Post-ISIS Iraq Holds Parliamentary Elections Iraqis went to the polls on Saturday for the first parliamentary election since ISIS was pushed out of the country.

Post-ISIS Iraq Holds Parliamentary Elections

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Iraqis went to the polls today to elect a new Parliament. It's a particularly important election, the first since U.S.-backed Iraqi forces drove ISIS out of a third of Iraqi territory. Election officials say voting took place with no major attacks, but a lot of Iraqis still stayed away from the polls. NPR's Jane Arraf was there for the voting.

JANE ARRAF, BYLINE: This was one of the safest elections since Iraqis went to the polls after Saddam Hussein was toppled. A vehicle ban to prevent car bombs meant that voters had to walk. It was safe enough that security officials lifted that ban a few hours later. Election officials were hoping that more people would vote if they could drive there, but even that didn't work.

KHALED ABDUL SATAR JABAR: (Through interpreter) Most of the people who came to vote are the elderly and women. In the past elections, there were long lines of voters. People came in groups. Now, they come as individuals.

ARRAF: That's Khaled Abdul Satar Jabar, the head of a polling station in Kathamiya, a Shiite neighborhood of Baghdad.

JABAR: (Through interpreter) Young men feel that there's no change. Most of these candidates, this is a big joke for them. They mock people with their corruption.

ARRAF: There were three million young people eligible to vote for the first time, but a lot of them stayed away. In the Sunni neighborhood of Athamiya, Mina, who's 22, came with her mother Yasmine to vote. They asked that only their first names be used.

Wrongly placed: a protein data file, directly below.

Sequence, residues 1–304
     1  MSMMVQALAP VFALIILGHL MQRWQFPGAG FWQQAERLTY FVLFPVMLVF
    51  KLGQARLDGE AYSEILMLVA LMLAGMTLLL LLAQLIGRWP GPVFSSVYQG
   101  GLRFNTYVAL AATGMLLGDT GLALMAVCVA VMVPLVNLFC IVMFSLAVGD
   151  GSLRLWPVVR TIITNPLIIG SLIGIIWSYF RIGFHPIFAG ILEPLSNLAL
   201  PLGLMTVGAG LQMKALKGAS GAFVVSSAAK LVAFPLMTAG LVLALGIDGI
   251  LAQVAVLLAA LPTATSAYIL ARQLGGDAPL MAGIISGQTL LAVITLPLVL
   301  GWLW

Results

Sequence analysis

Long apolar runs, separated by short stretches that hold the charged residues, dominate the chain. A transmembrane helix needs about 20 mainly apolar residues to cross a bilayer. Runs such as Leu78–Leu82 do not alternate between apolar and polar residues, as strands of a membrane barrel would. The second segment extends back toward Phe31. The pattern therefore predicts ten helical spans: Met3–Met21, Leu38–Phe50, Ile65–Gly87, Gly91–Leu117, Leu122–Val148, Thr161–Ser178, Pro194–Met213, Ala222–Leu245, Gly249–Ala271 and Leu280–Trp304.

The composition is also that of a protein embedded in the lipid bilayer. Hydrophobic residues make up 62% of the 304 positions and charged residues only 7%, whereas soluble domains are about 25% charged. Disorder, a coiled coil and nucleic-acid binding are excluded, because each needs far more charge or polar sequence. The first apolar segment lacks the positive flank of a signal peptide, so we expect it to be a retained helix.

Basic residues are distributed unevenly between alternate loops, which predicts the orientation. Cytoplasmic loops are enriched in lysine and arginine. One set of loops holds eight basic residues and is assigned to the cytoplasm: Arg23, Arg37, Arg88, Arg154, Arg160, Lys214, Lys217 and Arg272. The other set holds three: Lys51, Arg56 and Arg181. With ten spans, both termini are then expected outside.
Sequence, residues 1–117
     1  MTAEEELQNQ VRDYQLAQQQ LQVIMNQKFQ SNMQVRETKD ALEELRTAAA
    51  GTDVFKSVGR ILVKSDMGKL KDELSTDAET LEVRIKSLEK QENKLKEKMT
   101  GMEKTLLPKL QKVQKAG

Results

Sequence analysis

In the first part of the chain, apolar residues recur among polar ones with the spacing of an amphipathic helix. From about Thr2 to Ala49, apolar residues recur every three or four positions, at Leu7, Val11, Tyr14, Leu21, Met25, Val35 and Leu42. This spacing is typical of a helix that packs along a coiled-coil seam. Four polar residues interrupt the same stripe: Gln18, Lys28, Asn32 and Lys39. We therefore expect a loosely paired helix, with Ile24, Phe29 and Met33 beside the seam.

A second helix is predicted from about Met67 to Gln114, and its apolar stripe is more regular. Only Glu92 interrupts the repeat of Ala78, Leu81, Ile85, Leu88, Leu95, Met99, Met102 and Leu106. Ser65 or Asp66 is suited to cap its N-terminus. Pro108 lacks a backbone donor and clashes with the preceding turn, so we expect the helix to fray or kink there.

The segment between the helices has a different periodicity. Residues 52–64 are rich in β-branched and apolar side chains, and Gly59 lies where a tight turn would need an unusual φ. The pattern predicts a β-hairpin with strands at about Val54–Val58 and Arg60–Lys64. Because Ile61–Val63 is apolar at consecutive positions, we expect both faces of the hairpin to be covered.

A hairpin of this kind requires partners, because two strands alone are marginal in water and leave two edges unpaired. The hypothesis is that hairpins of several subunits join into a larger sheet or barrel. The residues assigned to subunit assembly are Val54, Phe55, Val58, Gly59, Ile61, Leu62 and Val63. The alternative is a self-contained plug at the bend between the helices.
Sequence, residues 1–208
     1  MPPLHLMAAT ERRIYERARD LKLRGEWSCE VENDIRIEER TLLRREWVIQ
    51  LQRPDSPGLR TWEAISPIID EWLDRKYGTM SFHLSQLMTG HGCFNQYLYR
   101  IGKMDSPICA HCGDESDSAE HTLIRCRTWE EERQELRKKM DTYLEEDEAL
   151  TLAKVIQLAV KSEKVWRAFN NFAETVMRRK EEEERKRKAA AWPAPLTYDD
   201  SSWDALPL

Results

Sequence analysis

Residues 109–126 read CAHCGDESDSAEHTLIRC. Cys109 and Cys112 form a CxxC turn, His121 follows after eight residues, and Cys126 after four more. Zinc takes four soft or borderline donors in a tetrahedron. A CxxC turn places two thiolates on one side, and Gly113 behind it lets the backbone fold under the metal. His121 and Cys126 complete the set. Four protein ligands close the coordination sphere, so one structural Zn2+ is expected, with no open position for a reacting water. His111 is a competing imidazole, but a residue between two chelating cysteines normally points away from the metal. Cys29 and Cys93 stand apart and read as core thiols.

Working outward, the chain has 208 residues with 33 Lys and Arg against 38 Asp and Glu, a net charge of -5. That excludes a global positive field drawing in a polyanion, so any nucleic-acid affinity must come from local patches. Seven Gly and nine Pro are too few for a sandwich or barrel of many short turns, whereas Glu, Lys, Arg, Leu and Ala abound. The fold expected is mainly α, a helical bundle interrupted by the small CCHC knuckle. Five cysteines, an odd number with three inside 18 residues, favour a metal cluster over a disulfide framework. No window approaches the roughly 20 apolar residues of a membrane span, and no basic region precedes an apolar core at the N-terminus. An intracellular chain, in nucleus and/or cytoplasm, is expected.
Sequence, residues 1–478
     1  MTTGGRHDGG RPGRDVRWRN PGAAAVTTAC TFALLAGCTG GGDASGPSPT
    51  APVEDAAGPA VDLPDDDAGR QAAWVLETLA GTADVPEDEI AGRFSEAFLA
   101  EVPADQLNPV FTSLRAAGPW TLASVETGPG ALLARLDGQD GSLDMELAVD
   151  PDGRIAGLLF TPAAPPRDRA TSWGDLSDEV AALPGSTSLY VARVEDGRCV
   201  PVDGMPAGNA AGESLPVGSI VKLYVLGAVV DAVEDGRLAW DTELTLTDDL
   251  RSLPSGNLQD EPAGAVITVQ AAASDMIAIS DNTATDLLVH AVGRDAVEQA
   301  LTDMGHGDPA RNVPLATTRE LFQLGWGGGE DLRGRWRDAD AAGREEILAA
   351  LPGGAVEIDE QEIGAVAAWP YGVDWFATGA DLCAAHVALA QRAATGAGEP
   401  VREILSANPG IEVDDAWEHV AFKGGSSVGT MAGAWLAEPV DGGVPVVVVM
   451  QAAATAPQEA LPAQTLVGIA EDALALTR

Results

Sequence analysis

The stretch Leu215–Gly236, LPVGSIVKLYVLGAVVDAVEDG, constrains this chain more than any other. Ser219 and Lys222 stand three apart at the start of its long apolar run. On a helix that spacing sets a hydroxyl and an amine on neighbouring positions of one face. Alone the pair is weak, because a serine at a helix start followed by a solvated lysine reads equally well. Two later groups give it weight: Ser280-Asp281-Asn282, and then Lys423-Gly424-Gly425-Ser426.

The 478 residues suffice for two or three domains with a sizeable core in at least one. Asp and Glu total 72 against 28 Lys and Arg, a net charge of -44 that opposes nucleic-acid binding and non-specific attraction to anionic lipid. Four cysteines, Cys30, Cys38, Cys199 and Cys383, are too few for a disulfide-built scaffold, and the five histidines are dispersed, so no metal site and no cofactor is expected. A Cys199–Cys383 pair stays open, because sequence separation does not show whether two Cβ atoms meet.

YASMINE: (Foreign language spoken).

ARRAF: They're dressed up. Yasmine, a schoolteacher, says they were excited about the thought of a better Parliament. And she says they made themselves beautiful to come and vote.

MINA: (Foreign language spoken).

ARRAF: But Mina says she doesn't have high hopes for this government or any government.

YASMINE: (Foreign language spoken).

ARRAF: "Let's see what they do," her mother says.

YASMINE: (Foreign language spoken).

ARRAF: For the first time, Iraq was using machines to tabulate the votes.

YASMINE: (Through interpreter) There was a difference. When you see the voting mechanism, there's a bit more freedom. Before, they were watching to see what candidate you were choosing.

ARRAF: This was a crowded election field. Prime Minister Haider al-Abadi is running for re-election, but each voter had dozens of choices this time. Abadi's his biggest rival is a former militia leader with ties to Iran. Outside the polling center in Baghdad's Atafiyah neighborhood, Jawad Kathem and his friends were hanging out in the street. They're members of one of the most hardline paramilitary groups, Asaib Ahl al-Haq. It helped fight ISIS and now has a political wing. Kathem says his fellow fighters came out in force to vote.

JAWAD KATHEM: (Through interpreter) They have sacrificed for Iraq with their own blood. I don't think there's anyone who deserves to be elected.

ARRAF: Nearby, a couple of young men were cheerfully throwing campaign posters into a garbage truck. Ahmed Hamed Shaker is a follower of Shia Cleric Muqtada al-Sadr, and he says a lot of people voted for the list backed by al-Sadr.

AHMED HAMED SHAKER: (Through interpreter) Normal citizens are demanding their rights - electricity, clean water, jobs. We don't care about which religious sect you're from, the important thing is to raise the name and the voice of Iraq.

ARRAF: The election results aren't in yet. But in between the apathy and the passion for new candidates, many Iraqis are expecting a shakeup. Jane Arraf, NPR News, Baghdad.

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